IT Teaching Resources

Learning activities in varied environments

Instructional practices that augment active learning and engagement

Article Promising practices

This article is part of a series around bridging synchronous and asynchronous learning, including guides on direct instruction, questioning and discussion, and assessment and feedback. To learn more about the basis for synchronous and asynchronous learning, see our guide here.

Students learn best when they are engaged, enabling deeper processing and better retention. The online environment—plagued by distance, distraction, and screen fatigue—presents challenges to student engagement. Providing opportunities for active learning is invaluable in this context, helping keep students interested, motivated, and focused. The following promising practices offer suggestions for learning activities that actively engage students with course material, exploiting a range of technology, media, and synchronous/asynchronous modalities.

Challenge: Engage students in multiple ways 

  • Use multimedia to provide varied opportunities for engagement by assigning tasks involving drawing, reading, and reflection (Interview with Jo Boaler; Interview with Alvin Pearman).
  • Incorporate more project-based learning by giving students agency over ambitious capstone projects that relate to what is going on in the world around them right now (NewSchools Webinar, 2020b).
  • Combine ongoing capstone projects with daily learning activities to overcome the learning spikes and valleys in terms of student engagement that comes with project-based learning (NewSchools Webinar, 2020b). 
  • Include small group projects that meet separately from synchronous sessions (Digital Promise, 2020).
  • Add learning activities in the pre-recorded lectures for the students to do with other students or with someone at home. Debrief/unpack the activity during the synchronous class or the following pre-recorded video (Psychology Teaching Town Hall: Lessons Learned from Spring Online, July 29, 2020).
  • Incorporate a debate to boost energy when students seem to be suffering from screen fatigue (Interview with Alvin Pearman). Below is an example of an online debate:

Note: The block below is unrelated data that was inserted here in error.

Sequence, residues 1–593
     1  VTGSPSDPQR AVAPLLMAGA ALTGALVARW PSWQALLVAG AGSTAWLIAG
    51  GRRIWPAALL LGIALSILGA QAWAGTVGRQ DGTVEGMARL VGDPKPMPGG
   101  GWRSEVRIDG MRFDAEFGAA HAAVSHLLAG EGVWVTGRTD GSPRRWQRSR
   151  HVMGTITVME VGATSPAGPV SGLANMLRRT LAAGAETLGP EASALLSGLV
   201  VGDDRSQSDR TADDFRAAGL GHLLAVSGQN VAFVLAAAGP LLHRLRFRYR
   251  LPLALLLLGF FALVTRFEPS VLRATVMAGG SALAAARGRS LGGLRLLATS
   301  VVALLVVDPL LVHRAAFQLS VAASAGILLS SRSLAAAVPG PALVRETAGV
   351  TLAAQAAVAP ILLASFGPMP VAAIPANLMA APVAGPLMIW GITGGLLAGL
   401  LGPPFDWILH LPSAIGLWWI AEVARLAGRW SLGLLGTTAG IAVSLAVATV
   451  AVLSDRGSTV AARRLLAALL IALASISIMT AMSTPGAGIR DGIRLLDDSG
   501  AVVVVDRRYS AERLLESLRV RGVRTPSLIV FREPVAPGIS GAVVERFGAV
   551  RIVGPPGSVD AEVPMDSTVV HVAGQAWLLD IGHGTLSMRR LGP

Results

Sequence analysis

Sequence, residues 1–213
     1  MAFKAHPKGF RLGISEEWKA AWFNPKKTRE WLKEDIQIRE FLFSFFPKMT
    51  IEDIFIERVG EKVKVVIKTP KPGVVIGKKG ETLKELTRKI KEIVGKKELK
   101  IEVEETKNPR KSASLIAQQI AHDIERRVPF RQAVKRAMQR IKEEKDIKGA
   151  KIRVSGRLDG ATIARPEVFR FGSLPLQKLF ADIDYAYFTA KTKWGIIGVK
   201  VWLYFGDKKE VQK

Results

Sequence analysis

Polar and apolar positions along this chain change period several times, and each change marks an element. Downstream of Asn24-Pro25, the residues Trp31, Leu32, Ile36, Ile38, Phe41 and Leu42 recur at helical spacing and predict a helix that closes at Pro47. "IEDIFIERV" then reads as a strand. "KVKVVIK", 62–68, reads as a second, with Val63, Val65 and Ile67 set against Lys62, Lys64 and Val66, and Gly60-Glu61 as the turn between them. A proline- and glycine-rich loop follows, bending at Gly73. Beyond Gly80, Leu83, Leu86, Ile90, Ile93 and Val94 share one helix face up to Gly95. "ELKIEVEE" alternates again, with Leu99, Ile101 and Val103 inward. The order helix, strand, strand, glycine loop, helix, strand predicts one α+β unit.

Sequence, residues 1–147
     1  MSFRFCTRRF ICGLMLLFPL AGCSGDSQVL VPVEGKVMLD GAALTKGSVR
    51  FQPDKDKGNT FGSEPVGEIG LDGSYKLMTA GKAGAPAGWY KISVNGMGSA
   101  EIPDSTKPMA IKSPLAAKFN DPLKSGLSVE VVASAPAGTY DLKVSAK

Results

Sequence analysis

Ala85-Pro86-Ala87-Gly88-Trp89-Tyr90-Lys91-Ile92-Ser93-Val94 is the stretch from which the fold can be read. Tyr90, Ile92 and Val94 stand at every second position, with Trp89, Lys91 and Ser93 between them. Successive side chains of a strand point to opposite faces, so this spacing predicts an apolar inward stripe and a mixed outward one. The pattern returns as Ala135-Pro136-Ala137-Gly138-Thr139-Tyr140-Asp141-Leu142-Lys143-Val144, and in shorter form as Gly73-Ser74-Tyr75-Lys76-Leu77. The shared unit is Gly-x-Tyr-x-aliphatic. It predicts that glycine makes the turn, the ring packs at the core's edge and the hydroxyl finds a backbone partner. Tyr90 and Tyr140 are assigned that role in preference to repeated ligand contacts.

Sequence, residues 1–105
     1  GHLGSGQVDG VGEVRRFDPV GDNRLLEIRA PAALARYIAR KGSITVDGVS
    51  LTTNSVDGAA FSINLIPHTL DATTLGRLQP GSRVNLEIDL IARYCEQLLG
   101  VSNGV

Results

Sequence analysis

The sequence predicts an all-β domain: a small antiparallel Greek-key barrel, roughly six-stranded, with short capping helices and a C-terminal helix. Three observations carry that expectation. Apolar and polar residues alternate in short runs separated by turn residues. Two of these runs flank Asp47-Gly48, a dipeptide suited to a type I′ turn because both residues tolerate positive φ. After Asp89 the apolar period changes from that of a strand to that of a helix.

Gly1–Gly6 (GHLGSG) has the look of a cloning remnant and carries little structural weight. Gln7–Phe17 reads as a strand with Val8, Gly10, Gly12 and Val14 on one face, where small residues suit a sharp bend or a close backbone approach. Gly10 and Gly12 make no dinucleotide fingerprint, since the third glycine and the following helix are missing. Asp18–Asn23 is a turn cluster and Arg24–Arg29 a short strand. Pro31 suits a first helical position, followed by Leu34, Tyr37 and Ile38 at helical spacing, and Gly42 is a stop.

• Preparation in breakout rooms (30 min) – Both groups in separate breakout rooms.
    • Pro position (5 min) – Group 1
    • Rebuttal (3 min) – Group 2
    • Con position (5 min) – Group 2
    • Rebuttal (3 min) – Group 1
    • Groups question each other (5 min/team) – Both groups
    • Preparation for closing statements (5min) – Both groups in separate breakout rooms
    • Closing statements (3 min/team) – Both groups, in the opposite order from opening statements)

Challenge: Structure activities to maximize student learning

  • Ensure students understand learning goals during small group breakout activities. Use structured breakout rooms with specific instructions around a task or agenda to guide activity (Lunch-n-Learn Student Voices Panel June 15, 2020)
    • Make instructions easily visible to students at all times.
    • Try discussing specific questions and choosing a group member to share out insights/questions to the class.
    • Try collaborative digital tools like Google Slides, Mural, or Jamboard for students to work together to take notes, draw, work on problems, brainstorm ideas, or align group values and goals for a project. Students could have different roles organizing, commenting, editing, and adding to the live document (Interview with Jo Boaler, 2020; Interview with Nadia Gathers & Erika Woolsey, 2020; Lunch-n-Learn Instructor Panel #2, May 27, 2020). 
      • For example, try creating a Google Slides file in advance, include the instructions and breakout room number to each slide, and share the link with students during the synchronous class. If you notice misconceptions or absence of activity in one breakout room slide, join that breakout room! (GSE student).

  • Use classroom management procedures to combat Zoom fatigue. Break up class activities into shorter pieces, with more frequent breaks, than you would in an in-person course to maintain engagement (Digital Promise, 2020). For example: